In vessel composting (IVC)

IVCs can be used to treat food and garden waste mixtures.  These systems ensure that composting takes place in an enclosed environment, with accurate temperature control and monitoring.

There are many different systems, but they can be broadly categorised into six types: containers, silos, agitated bays, tunnels, rotating drums and enclosed halls.

Animal By-Products Regulations (ABPR)

The processing of all animal by-products, including municipal kitchen waste, must comply with the Animal By-Products Regulations (ABPR).
 

These were introduced in 2003 to ensure that all meat and other products of animal origin (including catering waste from domestic kitchens) meet the treatment standard required to guarantee the protection of the environment and human health.
 

Under the UK treatment standards for in-vessel composting “catering waste” can be either meat included or meat excluded. ‘Meat-excluded’ requires a one stage barrier system to treat, plus 18 days storage. ‘Meat-included’ requires a two stage system.

The process - stage 1

The food waste, which comes primarily from local authority waste collections, either separate or already mixed with garden waste, as well as commercial and industrial sources, is delivered to an enclosed reception area.
 

It is then shredded to a uniform size and loaded into what is known as the first ‘barrier’, which will be a bay/tunnel etc depending on the system used. All the material delivered to a facility, plus the first barrier stage, is considered a ‘dirty area’ under ABPR. The regulations ensure that strict procedures are in place to prevent cross-contamination of ‘clean areas’ (where product is processed and stored) from ‘dirty areas’.
 

The composting process is kick-started by naturally occurring micro-organisms already in the waste. They break down the material, releasing the nutrients and in doing so increase the temperature to the 60-70ºC needed to kill pathogens and weed seeds, and meet the regulations for processing ABP material.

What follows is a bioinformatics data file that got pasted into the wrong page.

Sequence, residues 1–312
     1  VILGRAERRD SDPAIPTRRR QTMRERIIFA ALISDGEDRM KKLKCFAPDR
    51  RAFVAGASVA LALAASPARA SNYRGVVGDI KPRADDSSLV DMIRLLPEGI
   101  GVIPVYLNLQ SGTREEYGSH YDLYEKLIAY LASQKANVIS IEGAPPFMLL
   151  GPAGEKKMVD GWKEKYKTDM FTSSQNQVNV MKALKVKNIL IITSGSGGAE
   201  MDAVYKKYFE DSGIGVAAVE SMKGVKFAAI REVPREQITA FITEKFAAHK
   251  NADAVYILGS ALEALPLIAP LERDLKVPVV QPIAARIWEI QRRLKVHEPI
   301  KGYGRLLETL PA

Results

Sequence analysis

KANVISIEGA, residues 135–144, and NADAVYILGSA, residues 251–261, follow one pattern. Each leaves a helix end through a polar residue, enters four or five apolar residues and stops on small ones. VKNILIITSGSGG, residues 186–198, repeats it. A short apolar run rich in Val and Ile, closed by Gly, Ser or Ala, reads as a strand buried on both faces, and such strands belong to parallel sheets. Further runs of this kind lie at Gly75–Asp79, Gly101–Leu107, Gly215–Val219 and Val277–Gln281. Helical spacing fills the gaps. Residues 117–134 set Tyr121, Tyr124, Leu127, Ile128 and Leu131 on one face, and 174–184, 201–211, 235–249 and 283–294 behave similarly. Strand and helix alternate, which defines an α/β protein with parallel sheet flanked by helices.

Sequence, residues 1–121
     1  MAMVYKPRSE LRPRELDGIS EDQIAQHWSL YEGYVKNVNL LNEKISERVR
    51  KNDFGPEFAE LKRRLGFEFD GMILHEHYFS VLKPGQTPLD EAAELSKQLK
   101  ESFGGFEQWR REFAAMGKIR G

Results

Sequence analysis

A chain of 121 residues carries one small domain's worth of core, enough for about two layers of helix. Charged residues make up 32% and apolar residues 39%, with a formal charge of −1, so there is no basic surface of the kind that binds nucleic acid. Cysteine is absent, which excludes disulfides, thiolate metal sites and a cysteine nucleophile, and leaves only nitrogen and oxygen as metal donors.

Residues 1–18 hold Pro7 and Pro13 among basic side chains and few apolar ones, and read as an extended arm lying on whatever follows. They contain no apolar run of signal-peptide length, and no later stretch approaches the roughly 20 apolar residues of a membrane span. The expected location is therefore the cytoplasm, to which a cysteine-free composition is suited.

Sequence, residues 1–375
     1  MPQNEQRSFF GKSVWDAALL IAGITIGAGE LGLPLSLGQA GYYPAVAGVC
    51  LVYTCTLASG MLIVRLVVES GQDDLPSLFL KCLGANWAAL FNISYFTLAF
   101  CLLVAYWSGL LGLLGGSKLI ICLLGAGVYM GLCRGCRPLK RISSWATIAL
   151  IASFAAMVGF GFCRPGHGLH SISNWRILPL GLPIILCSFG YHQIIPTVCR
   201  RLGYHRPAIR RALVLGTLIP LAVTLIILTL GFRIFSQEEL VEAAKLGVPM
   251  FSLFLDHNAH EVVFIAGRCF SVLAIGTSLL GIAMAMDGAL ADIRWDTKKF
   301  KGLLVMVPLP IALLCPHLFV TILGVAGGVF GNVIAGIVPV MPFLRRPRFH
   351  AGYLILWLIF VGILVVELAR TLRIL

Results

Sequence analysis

The process - stage 2

After the first stage (which can take between seven days and three weeks), the material is transferred to the second ‘barrier’, where the composting process continues, usually for a similar duration.

Processing in 2 stages ensures that all parts of the composting mass reaches the required temperature. The oxygen level, moisture and temperature are carefully monitored and controlled during both composting stages to ensure the material is fully sanitised.

The process - stage 3

Once the sanitisation process is complete the compost is left to mature in an open windrow or an enclosed area for approximately 10-14 weeks to ensure stabilisation.

Screening and production

Screening usually takes place pre or post maturation, to produce a range of product grades suitable for various end uses such as soil conditioning. Often the oversize is fed back into the processing system to break down fully.

Facilities which process to BSI PAS 100 and the Quality Protocol for compost produce products which are no longer considered a waste by the Environment Agency.